The Growth of Modern Doctrine
The sporadic authorization of federal takings for an arsenal and for military cemeteries did not change the law by itself, of course. Even after those statutes, Congress still frequently relied on the old system. (282) But judicial decisions soon thereafter endorsed a federal eminent domain power.
One blow to the old system was the Michigan Supreme Court's 1872 decision in Trombley v. Humphrey. Writing for the court, Justice Cooley held that a state taking for a federal project was not a taking for a "public use" under that state's constitution. (283) This was the objection that had been made by the challengers to the Washington Aqueduct and the other projects--that a state can take private property only for the use of the state's own people, not for the government generally. Justice Cooley may have been motivated by a narrow construction of the public use doctrine--his writings on the subject have been celebrated by modern critics who favor a revival of limits on the public use doctrine (284)--but he had also endorsed federal eminent domain in a confusing passage in his famous treatise a few years earlier. (285)
The result in Trombley is not inherently inconsistent with the original theory of federal eminent domain. The federal government was required to rely on the states to take, but the states did not have to cooperate. And if a state wanted to categorically refuse to take land for federal projects in its own constitution, that was a question of state law. To be sure, nearly every state had a public use requirement, and if every state had always followed the Trombley rule, the scheme of relying on states would not have worked. But Trombley was an unusual decision, and most states had not interpreted their constitutions in the same way.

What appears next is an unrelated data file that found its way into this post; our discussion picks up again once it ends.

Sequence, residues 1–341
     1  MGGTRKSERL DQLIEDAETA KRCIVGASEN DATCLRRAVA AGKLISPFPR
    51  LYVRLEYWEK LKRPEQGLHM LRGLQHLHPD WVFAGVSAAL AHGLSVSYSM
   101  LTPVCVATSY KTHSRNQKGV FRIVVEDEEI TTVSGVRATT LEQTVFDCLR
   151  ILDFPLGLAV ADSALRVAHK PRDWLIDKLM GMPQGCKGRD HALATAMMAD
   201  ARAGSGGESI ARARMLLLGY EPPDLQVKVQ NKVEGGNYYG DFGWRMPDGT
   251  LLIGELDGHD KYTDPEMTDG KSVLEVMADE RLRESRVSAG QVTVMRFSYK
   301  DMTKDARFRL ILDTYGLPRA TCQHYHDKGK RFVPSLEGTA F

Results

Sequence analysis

The true creation of the federal eminent domain power came when the Supreme Court's decision in Kohl upheld a federal taking power for the first time. Yet the process leading to Kohl also reflects the ambiguity attending federal eminent domain in this period. While Congress had occasionally authorized eminent domain before Kohl, it had done so only recently and infrequently, and it did not actually do so (or need to do so) in Kohl itself. At the same time, once the Court manufactured the issue during litigation, the parties did not firmly resist it either. The federal eminent domain power had not yet become a firm part of national practice, yet understandings around it were rapidly changing.
The lack of statutory authorization can be discerned from the tangle of federal and state statutes in the case. In March 1872, Congress passed a statute "authoriz[ing] and direct[ing]" the Secretary of the Treasury "to purchase a central and suitable site in the city of Cincinnati, Ohio" for a federal building. (286) The bill also provided that no money could be spent for the purchase until Ohio consented to federal jurisdiction over the land. As usual, Congress did not grant any condemnation authority. Also as usual, the state did.